Management of the multiple organ donor.
ABSTRACT The need for cadaveric organs for transplantation is increasing. This article provides guidelines for the identification of potential organ donors and suggests suitable principles of management. The physiological changes after brain death are briefly reviewed.
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Article: The health of the nationBMJ Clinical Research 08/1991; DOI:10.1136/bmj.303.6797.311-b · 14.09 Impact Factor
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ABSTRACT: The scarcity of multiple-organ donors for perfused organ transplantation requires cooperation between various transplanting teams to maximize organ retrieval. We have developed a technique for the extraction of a cardiac and separate pulmonary graft from the same donor. These grafts can then be successfully implanted into two separate recipients. Our experience with 9 successful extractions and implantations is recorded.The Annals of Thoracic Surgery 10/1988; 46(3):356-9. DOI:10.1016/S0003-4975(10)65948-6 · 3.85 Impact Factor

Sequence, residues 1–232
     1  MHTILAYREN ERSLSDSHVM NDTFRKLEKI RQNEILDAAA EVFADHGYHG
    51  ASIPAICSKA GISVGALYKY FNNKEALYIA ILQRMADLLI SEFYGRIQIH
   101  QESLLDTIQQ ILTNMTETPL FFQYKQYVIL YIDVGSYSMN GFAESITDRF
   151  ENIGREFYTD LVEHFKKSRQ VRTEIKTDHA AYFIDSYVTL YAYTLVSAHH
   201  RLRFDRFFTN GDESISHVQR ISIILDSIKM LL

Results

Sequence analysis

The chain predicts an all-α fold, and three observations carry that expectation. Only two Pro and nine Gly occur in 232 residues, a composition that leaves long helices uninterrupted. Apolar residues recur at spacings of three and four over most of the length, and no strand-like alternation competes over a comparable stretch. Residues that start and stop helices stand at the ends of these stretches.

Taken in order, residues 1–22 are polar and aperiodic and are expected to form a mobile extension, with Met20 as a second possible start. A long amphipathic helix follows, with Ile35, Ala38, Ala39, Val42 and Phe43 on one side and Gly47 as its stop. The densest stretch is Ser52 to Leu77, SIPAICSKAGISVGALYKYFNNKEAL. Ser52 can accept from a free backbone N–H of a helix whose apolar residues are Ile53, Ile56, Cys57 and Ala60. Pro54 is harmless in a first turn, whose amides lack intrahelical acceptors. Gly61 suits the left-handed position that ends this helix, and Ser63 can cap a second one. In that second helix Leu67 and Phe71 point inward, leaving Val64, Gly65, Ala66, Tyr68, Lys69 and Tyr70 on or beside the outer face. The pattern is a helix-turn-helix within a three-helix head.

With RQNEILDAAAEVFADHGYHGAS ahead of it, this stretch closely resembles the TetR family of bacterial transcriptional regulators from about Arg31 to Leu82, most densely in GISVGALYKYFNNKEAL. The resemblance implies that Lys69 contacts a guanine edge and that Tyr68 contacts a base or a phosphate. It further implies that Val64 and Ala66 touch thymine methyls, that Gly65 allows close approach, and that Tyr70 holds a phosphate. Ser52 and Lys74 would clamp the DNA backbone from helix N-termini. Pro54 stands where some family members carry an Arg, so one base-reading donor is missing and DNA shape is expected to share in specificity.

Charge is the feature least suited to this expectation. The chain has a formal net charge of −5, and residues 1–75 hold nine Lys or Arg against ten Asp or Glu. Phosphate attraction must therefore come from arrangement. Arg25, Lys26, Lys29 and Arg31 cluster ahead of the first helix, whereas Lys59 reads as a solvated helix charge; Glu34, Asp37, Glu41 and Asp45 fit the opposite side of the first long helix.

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ABSTRACT: Successful organ transplantation offers patients with end stage organ failure the chance of a normal life. The recognition of brain death allowed the use of beating heart donors and this has enabled multiple organ procurement from a single donor. Suitable patients with severe brain injury resulting in brain death, who may be potential organ donors, are to be found on both neurosurgical and general intensive care units. The pathophysiological results of brain death are similar, irrespective of the underlying cause. Severe brain injury may result in the loss of temperature regulation, and the development of diabetes insipidus and cardiovascular instability. The management of brain injury before death often results in abnormalities of fluid balance, due to fluid restriction and diuretic therapy. Other problems such as acute endocrine failure and the impact of their correction on ultimate organ function remains to be elucidated. Good donor maintenance in the intensive care unit and operating theatre is essential if optimal function of the transplanted organ is to occur.Intensive Care Medicine 02/1989; 15(6):340-8. DOI:10.1007/BF00261491 · 7.21 Impact Factor